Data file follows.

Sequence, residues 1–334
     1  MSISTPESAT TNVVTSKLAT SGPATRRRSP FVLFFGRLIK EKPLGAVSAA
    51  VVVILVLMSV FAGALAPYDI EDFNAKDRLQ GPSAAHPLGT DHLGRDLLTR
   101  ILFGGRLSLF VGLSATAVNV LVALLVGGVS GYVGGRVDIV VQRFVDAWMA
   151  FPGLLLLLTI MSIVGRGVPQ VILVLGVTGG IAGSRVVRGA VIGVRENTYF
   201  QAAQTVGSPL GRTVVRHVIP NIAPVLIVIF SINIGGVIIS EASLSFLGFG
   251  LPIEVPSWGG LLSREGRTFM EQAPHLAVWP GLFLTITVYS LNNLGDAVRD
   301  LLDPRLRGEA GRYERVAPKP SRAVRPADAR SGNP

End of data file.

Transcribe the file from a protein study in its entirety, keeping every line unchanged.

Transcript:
Sequence, residues 1–334
     1  MSISTPESAT TNVVTSKLAT SGPATRRRSP FVLFFGRLIK EKPLGAVSAA
    51  VVVILVLMSV FAGALAPYDI EDFNAKDRLQ GPSAAHPLGT DHLGRDLLTR
   101  ILFGGRLSLF VGLSATAVNV LVALLVGGVS GYVGGRVDIV VQRFVDAWMA
   151  FPGLLLLLTI MSIVGRGVPQ VILVLGVTGG IAGSRVVRGA VIGVRENTYF
   201  QAAQTVGSPL GRTVVRHVIP NIAPVLIVIF SINIGGVIIS EASLSFLGFG
   251  LPIEVPSWGG LLSREGRTFM EQAPHLAVWP GLFLTITVYS LNNLGDAVRD
   301  LLDPRLRGEA GRYERVAPKP SRAVRPADAR SGNP